Documentary Review: Lord Lucan: My Husband, The Truth (dir by David O’Neill)


Who was Lord Lucan?

He was a British aristocrat, born not only wealthy but also with all the right connections.  His birth name was John Bingham but he eventually inherited the title of Lord Lucan when his father died in 1964.  At the time, the new Lord Lucan was 30 years and had been married for less than a year.  Lord Lucan was handsome and charming, so much so that Cubby Broccoli considered him for the role of James Bond in On Her Majesty’s Secret Service.  Lucan had no formal acting experience but he had the right look.  Nothing, of course, ever came of the idea of casting Lucan as Bond.  It’s rumored that he may have done a screen test but nothing can be said for sure.  Would Lord Lucan have had better luck with the role than George Lazenby?  Well, it’s hard to imagine how he possible could have had worst luck.

Like James Bond, Lord Lucan loved to gamble.  Unlike Bond, who was rarely seen to lose a hand whenever he sat down at the poker table, Lucan was not a particularly good gambler.  In fact, he lost so often that he was often broke.  Fortunately, his rich friends usually took care of him whenever he needed money or someone to testify as to his courage whenever he was accused of neglecting his wife, Lady Lucan.  When Lord and Lady Lucan separated in 1972, it forced the members of British high society to pick sides and most of them sided with Lord Lucan.  That remained true even in 1974 when Lord Lucan was accused of murdering his children’s nanny, Sandra Rivett.  Rivett, who bore a superficial resemblance to Lady Lucan, was bludgeoned to death with a piece of lead pipe while making a cup of tea in Lady Lucan’s home.  Lady Lucan claimed that she came across Lord Lucan in the house and that he admitted to having attacked Sandra in a case of mistaken identity.  Meanwhile, shortly after the murder, Lord Lucan reportedly called his mother and told her that he had just happened to be driving by his old home when he saw an unidentified man fighting with his wife.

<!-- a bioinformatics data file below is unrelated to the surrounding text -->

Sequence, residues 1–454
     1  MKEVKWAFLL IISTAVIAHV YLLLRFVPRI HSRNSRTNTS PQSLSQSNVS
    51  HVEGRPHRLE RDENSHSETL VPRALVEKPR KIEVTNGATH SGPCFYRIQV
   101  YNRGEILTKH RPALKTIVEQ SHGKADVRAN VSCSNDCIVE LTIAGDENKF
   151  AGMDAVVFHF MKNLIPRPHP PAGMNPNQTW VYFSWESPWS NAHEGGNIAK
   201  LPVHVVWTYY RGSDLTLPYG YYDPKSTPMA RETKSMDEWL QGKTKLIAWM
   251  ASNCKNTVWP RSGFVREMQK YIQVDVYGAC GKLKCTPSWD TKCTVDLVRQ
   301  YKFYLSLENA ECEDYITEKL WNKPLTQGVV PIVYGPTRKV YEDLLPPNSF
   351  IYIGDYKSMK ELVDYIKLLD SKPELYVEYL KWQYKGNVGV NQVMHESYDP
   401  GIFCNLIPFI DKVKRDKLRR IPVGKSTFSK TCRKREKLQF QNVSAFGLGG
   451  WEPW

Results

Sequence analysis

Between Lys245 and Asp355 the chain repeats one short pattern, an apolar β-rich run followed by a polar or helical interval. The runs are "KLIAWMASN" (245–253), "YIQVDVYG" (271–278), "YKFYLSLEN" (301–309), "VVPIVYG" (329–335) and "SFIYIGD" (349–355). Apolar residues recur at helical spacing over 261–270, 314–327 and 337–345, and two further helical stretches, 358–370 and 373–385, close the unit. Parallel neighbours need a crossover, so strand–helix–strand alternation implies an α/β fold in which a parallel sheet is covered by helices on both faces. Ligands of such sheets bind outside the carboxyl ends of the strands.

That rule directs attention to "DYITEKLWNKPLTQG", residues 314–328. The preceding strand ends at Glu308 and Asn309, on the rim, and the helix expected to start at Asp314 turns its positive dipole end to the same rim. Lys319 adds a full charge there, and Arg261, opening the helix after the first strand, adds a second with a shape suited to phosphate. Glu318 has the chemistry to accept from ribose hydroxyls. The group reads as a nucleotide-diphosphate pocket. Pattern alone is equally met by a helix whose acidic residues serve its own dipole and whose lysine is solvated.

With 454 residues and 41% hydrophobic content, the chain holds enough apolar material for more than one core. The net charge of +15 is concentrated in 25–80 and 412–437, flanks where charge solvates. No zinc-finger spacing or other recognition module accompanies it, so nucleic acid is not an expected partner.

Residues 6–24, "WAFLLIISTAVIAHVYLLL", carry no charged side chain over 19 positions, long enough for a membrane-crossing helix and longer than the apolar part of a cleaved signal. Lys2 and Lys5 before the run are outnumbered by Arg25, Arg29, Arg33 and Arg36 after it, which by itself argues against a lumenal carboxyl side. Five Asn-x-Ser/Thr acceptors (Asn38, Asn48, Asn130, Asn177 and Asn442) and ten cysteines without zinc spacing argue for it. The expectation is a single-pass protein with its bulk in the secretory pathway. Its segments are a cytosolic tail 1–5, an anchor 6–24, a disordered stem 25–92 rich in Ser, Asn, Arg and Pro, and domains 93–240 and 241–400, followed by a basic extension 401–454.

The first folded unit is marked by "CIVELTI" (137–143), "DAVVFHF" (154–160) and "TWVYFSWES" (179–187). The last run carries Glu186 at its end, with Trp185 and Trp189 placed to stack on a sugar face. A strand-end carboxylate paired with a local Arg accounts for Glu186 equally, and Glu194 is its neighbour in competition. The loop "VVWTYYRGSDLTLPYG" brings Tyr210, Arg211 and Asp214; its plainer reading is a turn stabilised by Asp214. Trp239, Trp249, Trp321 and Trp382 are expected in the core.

The same night that Sandra Rivett was murdered, Lord Lucan vanished.  Both the police and Lady Lucan speculated that Lord Lucan had committed suicide by drowning himself in the Thames.  However, for years after Sandra Rivett’s murder, there were regular sightings of Lord Lucan around the world.  While many of those sightings were undoubtedly due to hysteria caused by the extensive press coverage surrounding the case, there were other sightings that seemed to be a bit more credible.  There was much speculation that Lucan’s powerful friends had helped him escape from Britain and he had relocated to either southern Africa or Australia.  As late as 2012, sightings of Lord Lucan were still being investigated.  If Lucan were still alive, he would be 86 years old today.